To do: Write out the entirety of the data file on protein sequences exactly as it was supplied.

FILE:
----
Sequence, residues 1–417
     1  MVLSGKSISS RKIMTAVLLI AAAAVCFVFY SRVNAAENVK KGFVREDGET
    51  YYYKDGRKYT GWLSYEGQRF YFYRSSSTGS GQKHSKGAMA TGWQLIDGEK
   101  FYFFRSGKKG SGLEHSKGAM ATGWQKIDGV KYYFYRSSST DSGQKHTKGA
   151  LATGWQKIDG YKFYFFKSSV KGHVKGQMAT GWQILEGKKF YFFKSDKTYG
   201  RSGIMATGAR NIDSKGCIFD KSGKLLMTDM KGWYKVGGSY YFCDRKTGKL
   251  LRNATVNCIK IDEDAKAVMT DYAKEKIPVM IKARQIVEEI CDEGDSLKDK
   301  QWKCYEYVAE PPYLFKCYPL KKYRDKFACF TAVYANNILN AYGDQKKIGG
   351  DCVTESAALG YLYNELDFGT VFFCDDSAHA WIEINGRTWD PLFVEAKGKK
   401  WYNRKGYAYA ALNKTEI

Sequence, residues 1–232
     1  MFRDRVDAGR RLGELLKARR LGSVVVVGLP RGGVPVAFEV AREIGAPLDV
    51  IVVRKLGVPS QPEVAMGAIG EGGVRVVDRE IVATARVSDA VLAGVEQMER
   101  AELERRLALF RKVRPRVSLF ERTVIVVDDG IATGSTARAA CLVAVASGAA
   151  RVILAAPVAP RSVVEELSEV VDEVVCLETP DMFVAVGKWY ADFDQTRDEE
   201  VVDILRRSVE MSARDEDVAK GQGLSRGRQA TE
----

Sequence, residues 1–417
     1  MVLSGKSISS RKIMTAVLLI AAAAVCFVFY SRVNAAENVK KGFVREDGET
    51  YYYKDGRKYT GWLSYEGQRF YFYRSSSTGS GQKHSKGAMA TGWQLIDGEK
   101  FYFFRSGKKG SGLEHSKGAM ATGWQKIDGV KYYFYRSSST DSGQKHTKGA
   151  LATGWQKIDG YKFYFFKSSV KGHVKGQMAT GWQILEGKKF YFFKSDKTYG
   201  RSGIMATGAR NIDSKGCIFD KSGKLLMTDM KGWYKVGGSY YFCDRKTGKL
   251  LRNATVNCIK IDEDAKAVMT DYAKEKIPVM IKARQIVEEI CDEGDSLKDK
   301  QWKCYEYVAE PPYLFKCYPL KKYRDKFACF TAVYANNILN AYGDQKKIGG
   351  DCVTESAALG YLYNELDFGT VFFCDDSAHA WIEINGRTWD PLFVEAKGKK
   401  WYNRKGYAYA ALNKTEI

Sequence, residues 1–232
     1  MFRDRVDAGR RLGELLKARR LGSVVVVGLP RGGVPVAFEV AREIGAPLDV
    51  IVVRKLGVPS QPEVAMGAIG EGGVRVVDRE IVATARVSDA VLAGVEQMER
   101  AELERRLALF RKVRPRVSLF ERTVIVVDDG IATGSTARAA CLVAVASGAA
   151  RVILAAPVAP RSVVEELSEV VDEVVCLETP DMFVAVGKWY ADFDQTRDEE
   201  VVDILRRSVE MSARDEDVAK GQGLSRGRQA TE